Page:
I used some shims to carefully adjust the device until it was perfectly level.


Just in front of the laser level I placed the end of the tape measure on the top surface of the original joist. This dimension (about 1") is the target number.

You can just barely see the laser dot in front of the red arrow.


At the diagonally opposite corner I placed the tape measure in front of the laser beam. Of course the dot is much wider, but I simply measure at the center of the dot.

Luckily this corner was close to my target dimension, so I didn't adjust the height of the rim joist.

In fact, I want the deck to have a slight slope away from the house, so this dimension, about 1/8" lower than the old deck, is just fine.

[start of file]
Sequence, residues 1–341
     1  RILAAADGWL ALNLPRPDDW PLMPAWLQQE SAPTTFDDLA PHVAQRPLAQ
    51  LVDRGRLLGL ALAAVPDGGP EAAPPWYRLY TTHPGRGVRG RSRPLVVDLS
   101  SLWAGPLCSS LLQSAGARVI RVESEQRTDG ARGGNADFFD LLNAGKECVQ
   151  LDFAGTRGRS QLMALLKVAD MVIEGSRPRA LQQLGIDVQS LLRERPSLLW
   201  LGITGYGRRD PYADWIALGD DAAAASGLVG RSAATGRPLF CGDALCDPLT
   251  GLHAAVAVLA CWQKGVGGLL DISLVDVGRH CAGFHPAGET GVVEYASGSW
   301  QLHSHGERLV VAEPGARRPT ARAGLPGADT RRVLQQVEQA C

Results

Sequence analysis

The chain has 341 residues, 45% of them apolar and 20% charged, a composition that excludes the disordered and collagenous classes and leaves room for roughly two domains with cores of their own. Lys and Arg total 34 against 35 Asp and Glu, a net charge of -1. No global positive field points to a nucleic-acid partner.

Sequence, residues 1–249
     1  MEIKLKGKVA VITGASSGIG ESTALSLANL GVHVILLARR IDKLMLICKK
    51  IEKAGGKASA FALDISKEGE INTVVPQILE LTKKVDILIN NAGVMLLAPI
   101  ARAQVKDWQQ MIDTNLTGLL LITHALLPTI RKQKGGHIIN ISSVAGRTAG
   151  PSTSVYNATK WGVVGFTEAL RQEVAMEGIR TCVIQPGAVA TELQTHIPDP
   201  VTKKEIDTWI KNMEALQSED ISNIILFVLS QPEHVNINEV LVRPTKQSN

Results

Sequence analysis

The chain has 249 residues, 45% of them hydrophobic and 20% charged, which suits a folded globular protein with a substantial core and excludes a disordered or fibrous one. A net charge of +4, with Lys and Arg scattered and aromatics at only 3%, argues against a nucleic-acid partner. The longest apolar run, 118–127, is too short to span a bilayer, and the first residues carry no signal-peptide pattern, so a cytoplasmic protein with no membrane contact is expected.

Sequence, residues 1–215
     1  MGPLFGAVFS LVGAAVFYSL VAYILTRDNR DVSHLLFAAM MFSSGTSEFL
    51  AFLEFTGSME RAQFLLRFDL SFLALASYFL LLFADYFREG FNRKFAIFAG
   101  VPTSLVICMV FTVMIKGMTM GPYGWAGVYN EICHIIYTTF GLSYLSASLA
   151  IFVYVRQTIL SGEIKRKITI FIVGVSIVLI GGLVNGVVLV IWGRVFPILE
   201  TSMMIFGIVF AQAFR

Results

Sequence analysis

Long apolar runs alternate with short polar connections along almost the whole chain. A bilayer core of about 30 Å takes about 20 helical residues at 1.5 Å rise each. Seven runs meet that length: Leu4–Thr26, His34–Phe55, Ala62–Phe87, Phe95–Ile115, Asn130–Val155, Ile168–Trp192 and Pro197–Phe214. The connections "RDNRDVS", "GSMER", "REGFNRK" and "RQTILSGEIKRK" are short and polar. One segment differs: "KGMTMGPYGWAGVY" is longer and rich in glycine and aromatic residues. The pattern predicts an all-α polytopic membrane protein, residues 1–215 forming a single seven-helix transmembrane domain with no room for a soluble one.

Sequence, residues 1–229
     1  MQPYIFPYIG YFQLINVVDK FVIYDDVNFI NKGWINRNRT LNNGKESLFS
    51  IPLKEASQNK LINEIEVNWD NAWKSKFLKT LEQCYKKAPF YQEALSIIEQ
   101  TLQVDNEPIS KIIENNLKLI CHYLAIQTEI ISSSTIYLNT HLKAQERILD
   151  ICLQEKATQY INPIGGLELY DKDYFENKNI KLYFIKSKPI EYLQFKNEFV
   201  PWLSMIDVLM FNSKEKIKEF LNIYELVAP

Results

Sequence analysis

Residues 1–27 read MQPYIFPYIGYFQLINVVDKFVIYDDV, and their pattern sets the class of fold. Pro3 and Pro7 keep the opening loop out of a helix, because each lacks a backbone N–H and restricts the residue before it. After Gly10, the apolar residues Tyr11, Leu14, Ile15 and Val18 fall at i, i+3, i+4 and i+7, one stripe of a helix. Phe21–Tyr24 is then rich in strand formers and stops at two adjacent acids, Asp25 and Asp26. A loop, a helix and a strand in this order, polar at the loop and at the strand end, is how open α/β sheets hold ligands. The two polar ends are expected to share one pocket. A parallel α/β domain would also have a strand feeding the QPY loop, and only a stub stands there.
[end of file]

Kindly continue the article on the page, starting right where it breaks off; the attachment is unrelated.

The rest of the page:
At the other corner the dot landed on 2 inches, so I loosened the clamp and raised the rim joist by 3/8 inch.


Ensuring A Square Layout:

I measured across the diagonals. This diagonal was 24'-5-3/4", while the other was 24'-4-3/8", which is 1-3/8" less. That's too far out-of-square for me.

I needed to adjust the frame so this longer dimension would shrink by more than one-half inch. I just picked up the frame and shoved it over a bit, then re-measured the diagonals. They were within 1/8" of being the same, which is good enough for something like a deck.

I used a can of lawn marking paint to lay out the post positions.


I made this grid layout on the grass. There will be a 4x4 post wherever the white lines intersect, plus posts where the long lines meet the short rim joists.

Except that this was WRONG! I decided to deviate from the original plan and put the support posts 6 feet apart, like the old deck, instead of 8 feet apart, as originally planned. But this would cause problems later, so I reverted back to the original plan.